A small-town doctor (William Prince) gets caught up in a revenge plot when his small daughter is kidnapped and buried alive as he is given a few short hours to find her before she suffocates. To cover the risk of a heart attack while viewing the film, Producer-Director William Castle provided each member of the audience with an official certificate issued by Lloyds of London to insure them for $1,000 against death by fright. The gimmick worked and Castle was on his way to movie exploitation stardom! Written by
What set this film apart from all others playing at the time, was an insurance policy, issued by Lloyds Of London, given out at the box office, and insuring the patron against "death by fright" during the viewing. Of course, I doubt that anyone's relatives managed to collect the one million dollar face value, but it certainly managed to lure in a packed house.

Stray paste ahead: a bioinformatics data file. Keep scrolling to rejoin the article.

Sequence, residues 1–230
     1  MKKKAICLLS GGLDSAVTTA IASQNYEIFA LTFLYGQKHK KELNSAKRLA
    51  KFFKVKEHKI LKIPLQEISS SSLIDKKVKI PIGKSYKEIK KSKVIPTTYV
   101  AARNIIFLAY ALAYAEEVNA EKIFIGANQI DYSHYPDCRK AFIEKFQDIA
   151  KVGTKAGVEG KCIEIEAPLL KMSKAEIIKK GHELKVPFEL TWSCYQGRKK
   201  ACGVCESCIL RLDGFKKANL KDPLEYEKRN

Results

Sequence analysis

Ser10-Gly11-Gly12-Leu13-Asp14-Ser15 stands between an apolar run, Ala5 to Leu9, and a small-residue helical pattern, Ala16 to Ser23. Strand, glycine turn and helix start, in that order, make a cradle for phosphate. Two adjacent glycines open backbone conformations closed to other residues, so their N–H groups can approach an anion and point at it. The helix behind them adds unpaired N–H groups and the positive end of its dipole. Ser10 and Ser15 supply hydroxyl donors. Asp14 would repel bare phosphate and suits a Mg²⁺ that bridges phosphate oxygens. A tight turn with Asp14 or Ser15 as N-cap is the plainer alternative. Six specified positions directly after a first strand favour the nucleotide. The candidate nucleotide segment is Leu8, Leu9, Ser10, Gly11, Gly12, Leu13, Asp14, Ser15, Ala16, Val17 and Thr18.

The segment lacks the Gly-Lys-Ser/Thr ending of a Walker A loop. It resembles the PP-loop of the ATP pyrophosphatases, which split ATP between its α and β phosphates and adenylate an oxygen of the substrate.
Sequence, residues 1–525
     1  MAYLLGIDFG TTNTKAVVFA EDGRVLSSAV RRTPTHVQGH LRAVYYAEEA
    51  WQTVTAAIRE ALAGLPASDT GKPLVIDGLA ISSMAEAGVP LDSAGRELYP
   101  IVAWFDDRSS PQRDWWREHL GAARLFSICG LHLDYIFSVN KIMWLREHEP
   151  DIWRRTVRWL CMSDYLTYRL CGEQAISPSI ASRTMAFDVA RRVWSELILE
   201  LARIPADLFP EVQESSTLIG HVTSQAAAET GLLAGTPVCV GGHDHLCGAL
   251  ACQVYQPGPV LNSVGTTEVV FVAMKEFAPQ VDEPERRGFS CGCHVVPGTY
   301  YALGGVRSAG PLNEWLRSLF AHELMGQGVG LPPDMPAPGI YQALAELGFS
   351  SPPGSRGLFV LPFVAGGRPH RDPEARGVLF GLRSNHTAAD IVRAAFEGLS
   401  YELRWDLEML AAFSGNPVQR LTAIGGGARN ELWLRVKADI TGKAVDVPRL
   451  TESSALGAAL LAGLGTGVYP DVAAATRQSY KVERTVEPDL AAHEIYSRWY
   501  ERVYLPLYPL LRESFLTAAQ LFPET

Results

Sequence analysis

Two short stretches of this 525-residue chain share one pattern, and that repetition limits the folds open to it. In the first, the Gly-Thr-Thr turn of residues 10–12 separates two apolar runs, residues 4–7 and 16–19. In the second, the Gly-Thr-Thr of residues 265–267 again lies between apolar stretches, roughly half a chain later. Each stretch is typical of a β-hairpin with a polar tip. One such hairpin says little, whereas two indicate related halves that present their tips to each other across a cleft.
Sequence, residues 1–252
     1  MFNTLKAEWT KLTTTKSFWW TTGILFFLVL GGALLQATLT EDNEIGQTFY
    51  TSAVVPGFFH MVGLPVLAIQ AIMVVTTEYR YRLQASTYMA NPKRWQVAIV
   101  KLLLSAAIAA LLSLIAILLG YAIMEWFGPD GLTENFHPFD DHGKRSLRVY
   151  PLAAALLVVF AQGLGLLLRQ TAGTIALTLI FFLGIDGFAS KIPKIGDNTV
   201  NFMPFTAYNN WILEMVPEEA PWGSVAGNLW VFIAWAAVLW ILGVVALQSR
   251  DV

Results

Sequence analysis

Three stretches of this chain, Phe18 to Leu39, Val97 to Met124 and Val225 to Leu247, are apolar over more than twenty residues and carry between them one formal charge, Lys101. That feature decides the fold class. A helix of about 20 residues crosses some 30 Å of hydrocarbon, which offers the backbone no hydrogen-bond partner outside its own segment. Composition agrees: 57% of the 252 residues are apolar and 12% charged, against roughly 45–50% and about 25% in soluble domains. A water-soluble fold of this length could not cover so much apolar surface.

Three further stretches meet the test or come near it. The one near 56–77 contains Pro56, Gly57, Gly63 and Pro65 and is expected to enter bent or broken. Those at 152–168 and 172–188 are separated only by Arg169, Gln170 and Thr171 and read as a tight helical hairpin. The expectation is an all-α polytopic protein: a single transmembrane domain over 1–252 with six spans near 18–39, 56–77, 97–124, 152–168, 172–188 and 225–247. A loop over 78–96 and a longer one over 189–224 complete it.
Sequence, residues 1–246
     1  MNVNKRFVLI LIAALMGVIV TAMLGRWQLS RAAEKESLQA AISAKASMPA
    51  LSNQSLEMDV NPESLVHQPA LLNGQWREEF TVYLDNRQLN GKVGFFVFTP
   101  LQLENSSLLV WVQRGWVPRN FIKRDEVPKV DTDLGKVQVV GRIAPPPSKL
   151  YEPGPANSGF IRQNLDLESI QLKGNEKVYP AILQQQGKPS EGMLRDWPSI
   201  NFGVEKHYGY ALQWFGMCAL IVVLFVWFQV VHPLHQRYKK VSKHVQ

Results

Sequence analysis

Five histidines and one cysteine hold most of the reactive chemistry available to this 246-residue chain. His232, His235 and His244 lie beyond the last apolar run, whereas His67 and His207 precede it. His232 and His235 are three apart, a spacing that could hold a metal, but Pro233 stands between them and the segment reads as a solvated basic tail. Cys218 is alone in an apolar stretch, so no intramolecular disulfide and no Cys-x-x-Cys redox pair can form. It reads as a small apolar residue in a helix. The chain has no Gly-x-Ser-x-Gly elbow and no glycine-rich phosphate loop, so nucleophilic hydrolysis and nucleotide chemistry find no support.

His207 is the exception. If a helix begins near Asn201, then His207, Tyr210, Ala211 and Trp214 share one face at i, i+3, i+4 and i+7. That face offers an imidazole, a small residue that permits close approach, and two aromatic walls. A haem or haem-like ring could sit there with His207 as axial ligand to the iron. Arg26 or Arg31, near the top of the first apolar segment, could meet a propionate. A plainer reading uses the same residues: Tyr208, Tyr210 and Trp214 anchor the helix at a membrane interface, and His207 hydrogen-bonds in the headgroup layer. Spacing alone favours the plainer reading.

One scene ,in particular, caused a few hesitations in my cardiac functions, despite the films generally boring overtones. One of the many false leads in the search for the missing child, led to a graveyard. An interrment was taking place during a dismal rainstorm,and the child supposedly was buried in the open grave. The camera was positioned up in the trees, as the would be rescuers dug frantically at the grave, rapidly filling with rainwater. As the coffin was unearthed and opened, the camera zoomed in for a closeup of the morbid contents, prompting ear splitting screams from the audience,and raising me out of my seat. Although only a partially melted wax doll, it did resemble a decomposing corpse.
This excellent use of the element of surprise and shock, made this ordinary film, memorable.
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